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Congress Russia Probe Pelosi

Speaker of the House Nancy Pelosi, D-Calif., leaves after addressing a bi-partisan group at the Institute of Politics and Global Affairs at Cornell University Tuesday in New York.

This week almost 700 former federal prosecutors, including prominent Republicans, signed a letter saying the Mueller report lays out offenses against Donald Trump that would lead to indictment if committed by anyone who isn’t president. All of which is another way of saying that a corrupt executive is the problem of Congress, not of prosecutors.

That leaves House Speaker Nancy Pelosi in a pickle. She faces mounting pressure, no doubt from her own conscience as well as from Democratic activists, to address the broad and deep corruption of Trump’s presidency.

Yet the powers she needs to execute her duties are under assault. She must husband her resources both to battle Trump and his defenders and to prevail in a judicial system that has five Republican judges seated at its pinnacle.

Republican complicity in protecting Trump undermines Congress, and leaves Pelosi fighting an epic institutional battle alone. Congress’s power to blunt abuses, from Trump’s obstruction of the Mueller investigation to the multimillion-dollar buckraking at Trump properties, realistically begins and ends with Pelosi.

Those with a predilection for lawful presidencies are understandably growing impatient. Pelosi, who can be as clumsy at communicating as she is skilled at leading and legislating, has not articulated a strategy for safeguarding rule of law. But it’s unlikely such a fail-safe exists.

The history of conflicts between the executive and legislative branches is largely one of muddling through with few stark delineations of where power resides. Courts are not always eager to play the referee, and may not even accept that they should.

When Congress wins a round, it is sometimes only after years of delay. The House Oversight Committee sued in 2012 to obtain access to thousands of pages of Justice Department documents related to the committee’s “Fast and Furious” investigation about gun trafficking. The documents arrived almost four years later.

Trump has asserted a blanket refusal to comply with congressional subpoenas, and he has made it clear that anything short of a subpoena will similarly be ignored. Former White House counsel Don McGahn, for example, who told the special prosecutor’s office of Trump’s efforts to fire Mueller, is under White House pressure to keep silent.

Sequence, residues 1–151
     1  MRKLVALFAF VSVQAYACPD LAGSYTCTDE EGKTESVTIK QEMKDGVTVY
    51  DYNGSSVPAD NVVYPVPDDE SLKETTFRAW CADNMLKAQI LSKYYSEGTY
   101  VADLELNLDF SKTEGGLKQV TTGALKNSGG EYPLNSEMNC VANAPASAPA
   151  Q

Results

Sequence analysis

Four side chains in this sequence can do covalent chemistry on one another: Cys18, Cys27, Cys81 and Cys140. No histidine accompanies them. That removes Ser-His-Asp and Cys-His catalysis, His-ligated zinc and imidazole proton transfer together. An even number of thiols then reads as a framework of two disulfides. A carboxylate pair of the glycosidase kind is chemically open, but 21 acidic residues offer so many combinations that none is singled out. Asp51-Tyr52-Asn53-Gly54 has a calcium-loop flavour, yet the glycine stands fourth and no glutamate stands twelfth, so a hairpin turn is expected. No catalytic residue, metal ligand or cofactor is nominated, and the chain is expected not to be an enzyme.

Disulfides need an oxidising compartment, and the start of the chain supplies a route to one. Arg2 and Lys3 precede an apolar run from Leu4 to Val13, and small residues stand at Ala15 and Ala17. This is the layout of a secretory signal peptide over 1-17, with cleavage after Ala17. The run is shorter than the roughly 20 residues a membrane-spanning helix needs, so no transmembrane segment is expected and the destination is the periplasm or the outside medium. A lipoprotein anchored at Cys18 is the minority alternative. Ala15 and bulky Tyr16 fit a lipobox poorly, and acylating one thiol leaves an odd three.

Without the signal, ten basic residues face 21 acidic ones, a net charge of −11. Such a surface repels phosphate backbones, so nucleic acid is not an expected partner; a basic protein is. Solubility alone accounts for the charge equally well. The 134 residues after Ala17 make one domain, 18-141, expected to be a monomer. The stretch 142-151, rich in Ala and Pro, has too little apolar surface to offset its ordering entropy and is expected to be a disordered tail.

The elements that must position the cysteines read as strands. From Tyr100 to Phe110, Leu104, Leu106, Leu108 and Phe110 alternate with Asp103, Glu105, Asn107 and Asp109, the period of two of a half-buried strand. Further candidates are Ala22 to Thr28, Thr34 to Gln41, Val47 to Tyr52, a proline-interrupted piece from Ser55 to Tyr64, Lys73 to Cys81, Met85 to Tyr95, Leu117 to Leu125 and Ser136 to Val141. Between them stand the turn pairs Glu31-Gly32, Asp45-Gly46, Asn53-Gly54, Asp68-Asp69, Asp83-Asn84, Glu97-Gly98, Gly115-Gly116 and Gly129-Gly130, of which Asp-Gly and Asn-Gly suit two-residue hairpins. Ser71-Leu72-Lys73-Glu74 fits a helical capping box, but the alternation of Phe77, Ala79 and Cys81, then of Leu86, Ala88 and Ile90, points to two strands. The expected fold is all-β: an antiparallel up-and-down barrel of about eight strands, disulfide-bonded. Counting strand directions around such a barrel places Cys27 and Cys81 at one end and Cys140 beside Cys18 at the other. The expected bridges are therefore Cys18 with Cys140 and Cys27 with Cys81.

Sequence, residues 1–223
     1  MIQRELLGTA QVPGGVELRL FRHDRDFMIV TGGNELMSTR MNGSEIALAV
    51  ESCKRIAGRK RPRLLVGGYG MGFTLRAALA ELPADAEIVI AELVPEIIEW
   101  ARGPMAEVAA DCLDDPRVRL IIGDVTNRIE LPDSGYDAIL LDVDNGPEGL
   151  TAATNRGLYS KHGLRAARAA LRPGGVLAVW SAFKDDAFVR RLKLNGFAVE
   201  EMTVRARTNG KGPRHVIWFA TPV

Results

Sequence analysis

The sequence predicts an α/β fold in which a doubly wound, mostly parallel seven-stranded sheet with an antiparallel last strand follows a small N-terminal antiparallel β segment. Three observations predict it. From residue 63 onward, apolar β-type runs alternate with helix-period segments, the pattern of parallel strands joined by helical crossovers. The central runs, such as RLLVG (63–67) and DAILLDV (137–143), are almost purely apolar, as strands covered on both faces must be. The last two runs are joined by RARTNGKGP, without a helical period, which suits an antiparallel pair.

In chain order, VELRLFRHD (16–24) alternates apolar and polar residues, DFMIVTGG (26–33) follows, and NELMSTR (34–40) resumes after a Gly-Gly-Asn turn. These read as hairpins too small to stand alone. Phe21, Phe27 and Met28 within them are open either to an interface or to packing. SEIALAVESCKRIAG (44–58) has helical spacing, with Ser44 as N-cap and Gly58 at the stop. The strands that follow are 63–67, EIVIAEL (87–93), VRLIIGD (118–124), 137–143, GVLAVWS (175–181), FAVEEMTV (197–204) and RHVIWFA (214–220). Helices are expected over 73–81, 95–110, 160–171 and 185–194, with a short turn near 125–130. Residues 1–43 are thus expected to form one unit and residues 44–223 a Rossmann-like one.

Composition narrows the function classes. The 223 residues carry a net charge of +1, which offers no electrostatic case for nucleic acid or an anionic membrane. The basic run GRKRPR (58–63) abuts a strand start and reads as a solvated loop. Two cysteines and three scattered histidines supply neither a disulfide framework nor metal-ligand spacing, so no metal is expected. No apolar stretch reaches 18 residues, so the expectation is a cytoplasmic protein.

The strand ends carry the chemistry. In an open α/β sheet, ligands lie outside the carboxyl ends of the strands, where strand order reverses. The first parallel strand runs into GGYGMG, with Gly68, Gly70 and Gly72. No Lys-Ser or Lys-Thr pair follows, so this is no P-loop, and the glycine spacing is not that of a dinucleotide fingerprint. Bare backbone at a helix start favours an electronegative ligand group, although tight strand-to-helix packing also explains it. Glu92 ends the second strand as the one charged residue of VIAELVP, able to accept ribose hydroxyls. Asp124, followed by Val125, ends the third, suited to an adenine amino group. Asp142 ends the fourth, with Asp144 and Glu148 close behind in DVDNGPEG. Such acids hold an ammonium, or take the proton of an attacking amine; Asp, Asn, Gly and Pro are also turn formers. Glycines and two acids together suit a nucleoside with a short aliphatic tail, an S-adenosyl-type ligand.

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In the era before the right-wing propaganda sphere of which Fox News is the molten core, public opinion might have forced Trump’s retreat. Now, Fox and friends secure his right flank, which is all that’s required to keep congressional Republicans purring.

If Pelosi doesn’t resort to the courts to obtain testimony and documents, she may be at the mercy of executive intransigence, backed by the entire GOP. If she does turn to the courts, she runs the risk of a Trumpified legal ruling that shifts power from Congress to the White House immediately and permanently – undermining the rule of law now and congressional authority for years to come.

In court, Trump’s undifferentiated contempt for Congress will be recast. Through lawyerly ministrations his Muslim ban was magically transformed from a racial/religious assault borne of personal malice and political demagogy into an exercise in national security. The Supreme Court simply pretended that Trump’s own words, oft repeated, were irrelevant and that his legal arguments were rendered in good faith.

If the recent oral arguments over inclusion of a citizenship question on the census are any indication, the court is poised to repeat the charade, pretending that a crude partisan effort to damage Democratic constituencies and undermine Democratic political representation is instead an earnest expression of executive curiosity.

To mitigate enormous risks, the speaker needs to establish a careful record of seeking facts and trying to accommodate executive prerogatives, a record that Chief Justice John Roberts might have difficulty ignoring. That cannot be done instantly. It might not succeed at all given the partisanship of the high court.

Mostly, Pelosi needs a forum in which to showcase plain truths. Trump has ably convinced a majority of the nation that he is dishonest. But the Mueller report, however comprehensible to trained legal minds, was a convoluted mess for the public, aiding Attorney General William Barr’s deceptions about what the report actually stated.

Democrats need to present a clear, streamlined, factual narrative. That’s why they want access to documents and witnesses. But time is on the side of corruption. Sunlight may never reach Trump’s tax returns. Trump lawyer Michael Cohen, serving a prison term in part for a crime that federal prosecutors say he committed at Trump’s direction, appears eager for redemption, or at least the appearance of it. But he is an exception among first-hand witnesses to Trump misconduct.

It would be better to conduct congressional hearings with the information at hand, and with whatever witnesses are willing to elucidate it. While Pelosi carefully builds the high-stakes legal case for disclosure of hidden corruption, House committees should highlight the known world, such as Trump’s systematic use of illegal labor at his properties. There is no need to uncover exotic new evidence of criminality. There is already more than enough to go around.

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Francis Wilkinson writes editorials on politics and U.S. domestic policy for Bloomberg Opinion. He was executive editor of the Week. He was previously a writer for Rolling Stone, a communications consultant and a political media strategist.

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